“My mom, dad, brother and a friend were supposed to come visit me in Nashville in April, and my mom called me to say they would not be able to come because of the virus, literally the day before our school in Norway asked us to come home,” Cecilia says. “At first when my mom told me they would not be able to come, we had no idea I would have to leave.”

Knutsen says she didn’t want to go back home at first when she heard about the virus outbreak. “When I find out about the new situation with the virus, I didn’t rush anything. But, in just 24 hours the situation got worse. I was thinking about staying until we got a new email from home that we only had three days to get back.”

Cecilia adds how leaving has been difficult due to costly flights and student loans. “I was so sad, and I’m still not over the fact that my exchange semester was cut short. I was having such a great time, and really loved MTSU, Nashville and Murfreesboro. Leaving was also difficult because as of right now, we are not completely sure what will happen with our student loans, and I had to pay over $3000 for my plane ticket that I’m still not sure I will get back in full.”

She goes on to say MTSU faculty have been very understanding and are trying to make the best of the situation. “Luckily our professors were super accommodating and promised us before it was decided that the school would finish the semester remotely, that they would make it possible for us to complete the semester online. If that had not happened, we would probably have had to retake a whole semester back home to earn our credits.”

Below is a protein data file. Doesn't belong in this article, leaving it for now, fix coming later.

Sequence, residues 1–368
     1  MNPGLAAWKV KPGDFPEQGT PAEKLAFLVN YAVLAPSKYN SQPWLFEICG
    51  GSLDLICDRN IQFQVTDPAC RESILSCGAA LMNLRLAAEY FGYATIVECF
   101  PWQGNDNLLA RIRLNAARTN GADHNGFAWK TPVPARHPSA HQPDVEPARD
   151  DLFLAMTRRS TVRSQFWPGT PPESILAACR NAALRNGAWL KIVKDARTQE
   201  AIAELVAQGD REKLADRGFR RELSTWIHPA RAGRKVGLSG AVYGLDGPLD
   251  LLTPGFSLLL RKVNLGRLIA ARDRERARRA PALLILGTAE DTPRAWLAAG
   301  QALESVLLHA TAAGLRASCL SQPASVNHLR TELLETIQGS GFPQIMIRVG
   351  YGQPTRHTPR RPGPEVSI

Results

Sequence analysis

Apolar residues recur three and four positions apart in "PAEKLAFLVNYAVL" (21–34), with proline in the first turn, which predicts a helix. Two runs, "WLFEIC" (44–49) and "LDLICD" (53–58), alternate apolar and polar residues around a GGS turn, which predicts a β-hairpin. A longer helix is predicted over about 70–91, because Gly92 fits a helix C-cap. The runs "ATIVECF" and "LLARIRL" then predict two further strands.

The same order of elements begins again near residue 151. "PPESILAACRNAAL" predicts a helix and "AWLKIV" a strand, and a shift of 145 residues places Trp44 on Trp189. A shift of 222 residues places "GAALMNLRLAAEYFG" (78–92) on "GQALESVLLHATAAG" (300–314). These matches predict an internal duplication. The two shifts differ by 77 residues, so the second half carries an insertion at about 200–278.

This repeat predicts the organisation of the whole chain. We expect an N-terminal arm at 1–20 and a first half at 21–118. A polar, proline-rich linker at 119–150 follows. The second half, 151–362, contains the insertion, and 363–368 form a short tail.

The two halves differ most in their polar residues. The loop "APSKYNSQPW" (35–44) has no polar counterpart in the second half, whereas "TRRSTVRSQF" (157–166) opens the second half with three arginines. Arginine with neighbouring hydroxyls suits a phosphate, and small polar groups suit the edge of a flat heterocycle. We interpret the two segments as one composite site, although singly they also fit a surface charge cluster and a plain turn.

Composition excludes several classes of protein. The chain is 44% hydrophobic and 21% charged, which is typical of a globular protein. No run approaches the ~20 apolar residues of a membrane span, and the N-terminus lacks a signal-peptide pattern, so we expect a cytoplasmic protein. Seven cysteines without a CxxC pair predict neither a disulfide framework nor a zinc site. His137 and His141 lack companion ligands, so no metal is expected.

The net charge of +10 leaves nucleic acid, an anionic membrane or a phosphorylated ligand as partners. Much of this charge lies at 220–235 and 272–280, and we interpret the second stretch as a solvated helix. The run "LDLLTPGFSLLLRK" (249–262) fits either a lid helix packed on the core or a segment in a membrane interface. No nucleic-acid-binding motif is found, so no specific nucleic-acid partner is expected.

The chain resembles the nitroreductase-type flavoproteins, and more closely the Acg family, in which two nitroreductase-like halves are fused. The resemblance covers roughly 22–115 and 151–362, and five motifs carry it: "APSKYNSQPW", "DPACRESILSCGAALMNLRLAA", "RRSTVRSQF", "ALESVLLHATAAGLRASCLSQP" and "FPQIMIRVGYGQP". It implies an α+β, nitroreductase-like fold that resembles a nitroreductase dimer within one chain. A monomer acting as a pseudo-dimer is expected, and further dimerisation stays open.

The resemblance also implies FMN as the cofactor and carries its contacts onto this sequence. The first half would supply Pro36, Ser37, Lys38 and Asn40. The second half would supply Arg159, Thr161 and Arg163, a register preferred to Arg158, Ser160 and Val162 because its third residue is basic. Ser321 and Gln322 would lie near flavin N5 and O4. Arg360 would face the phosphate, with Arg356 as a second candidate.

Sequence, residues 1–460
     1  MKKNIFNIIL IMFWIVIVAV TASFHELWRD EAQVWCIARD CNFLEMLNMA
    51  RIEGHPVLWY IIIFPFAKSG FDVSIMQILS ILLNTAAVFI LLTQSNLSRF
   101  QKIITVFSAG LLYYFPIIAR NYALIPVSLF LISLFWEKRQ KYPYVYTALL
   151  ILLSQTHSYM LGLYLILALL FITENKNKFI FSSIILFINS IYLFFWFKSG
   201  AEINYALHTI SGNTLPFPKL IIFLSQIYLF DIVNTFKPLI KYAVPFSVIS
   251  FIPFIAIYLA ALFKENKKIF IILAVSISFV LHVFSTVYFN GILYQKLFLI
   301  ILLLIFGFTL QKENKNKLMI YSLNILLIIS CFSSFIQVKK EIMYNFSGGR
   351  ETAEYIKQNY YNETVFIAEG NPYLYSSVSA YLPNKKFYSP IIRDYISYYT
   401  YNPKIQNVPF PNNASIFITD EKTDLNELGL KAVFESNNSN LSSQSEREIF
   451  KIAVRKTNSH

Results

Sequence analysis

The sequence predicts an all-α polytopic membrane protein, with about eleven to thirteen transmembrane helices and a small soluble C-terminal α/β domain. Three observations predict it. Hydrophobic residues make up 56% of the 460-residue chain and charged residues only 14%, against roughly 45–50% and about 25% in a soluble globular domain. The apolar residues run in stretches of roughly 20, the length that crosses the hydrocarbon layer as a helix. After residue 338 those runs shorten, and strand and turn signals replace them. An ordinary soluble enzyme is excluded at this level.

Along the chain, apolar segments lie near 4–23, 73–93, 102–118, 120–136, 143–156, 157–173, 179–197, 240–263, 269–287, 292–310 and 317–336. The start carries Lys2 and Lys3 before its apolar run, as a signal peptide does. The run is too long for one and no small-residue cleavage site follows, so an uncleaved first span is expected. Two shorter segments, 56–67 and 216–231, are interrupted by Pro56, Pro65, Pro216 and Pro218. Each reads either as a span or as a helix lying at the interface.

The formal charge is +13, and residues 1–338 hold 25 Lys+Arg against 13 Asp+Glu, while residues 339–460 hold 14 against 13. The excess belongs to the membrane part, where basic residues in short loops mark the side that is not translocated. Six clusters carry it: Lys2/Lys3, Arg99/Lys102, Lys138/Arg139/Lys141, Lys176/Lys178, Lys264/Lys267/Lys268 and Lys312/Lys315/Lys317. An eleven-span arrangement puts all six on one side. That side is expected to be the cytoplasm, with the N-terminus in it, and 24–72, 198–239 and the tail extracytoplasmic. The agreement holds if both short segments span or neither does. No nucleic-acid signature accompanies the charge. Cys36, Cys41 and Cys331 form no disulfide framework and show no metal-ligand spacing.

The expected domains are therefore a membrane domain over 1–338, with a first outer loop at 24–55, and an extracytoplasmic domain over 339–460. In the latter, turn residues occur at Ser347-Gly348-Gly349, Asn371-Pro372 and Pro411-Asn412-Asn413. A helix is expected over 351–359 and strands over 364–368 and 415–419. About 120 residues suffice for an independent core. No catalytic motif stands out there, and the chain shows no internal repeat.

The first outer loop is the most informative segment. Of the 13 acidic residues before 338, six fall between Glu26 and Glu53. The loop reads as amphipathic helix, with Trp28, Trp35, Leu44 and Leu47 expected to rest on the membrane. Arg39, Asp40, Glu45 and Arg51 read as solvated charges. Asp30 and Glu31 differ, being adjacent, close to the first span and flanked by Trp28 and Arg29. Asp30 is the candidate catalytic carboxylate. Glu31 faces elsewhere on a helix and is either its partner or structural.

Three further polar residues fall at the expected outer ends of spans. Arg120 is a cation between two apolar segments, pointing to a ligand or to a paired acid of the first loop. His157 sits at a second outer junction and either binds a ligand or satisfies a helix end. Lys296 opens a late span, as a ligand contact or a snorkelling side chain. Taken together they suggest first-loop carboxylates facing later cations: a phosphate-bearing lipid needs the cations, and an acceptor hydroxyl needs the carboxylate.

“It was really sad leaving Murfreesboro, but I now see that this actually is a lot more serious than I thought and that is probably was for the best,” Knutsen says. “Right now I’m home on day seven in quarantine and it really sucks.”

Knutsen continues, “My mom is happy to have me home and safe, but she also says that she thinks it’s sad that we didn’t get to finish this semester in a class room, but have to finish online in a different time zone.”

Another concern for the international students was the travel block the United States was enforcing during this time. “I think (my parents) biggest fear was me not being able to get home,” Iversen explains. “When America stopped Europeans from entering the country just a few days before we left, we were all scared that there would be no flights taking us to Norway. Also, there were updates from Norway all the time about new restrictions and layoffs, that just made it seem difficult to get home, so we were all just hoping my trip back would go smoothly. Thankfully it did.”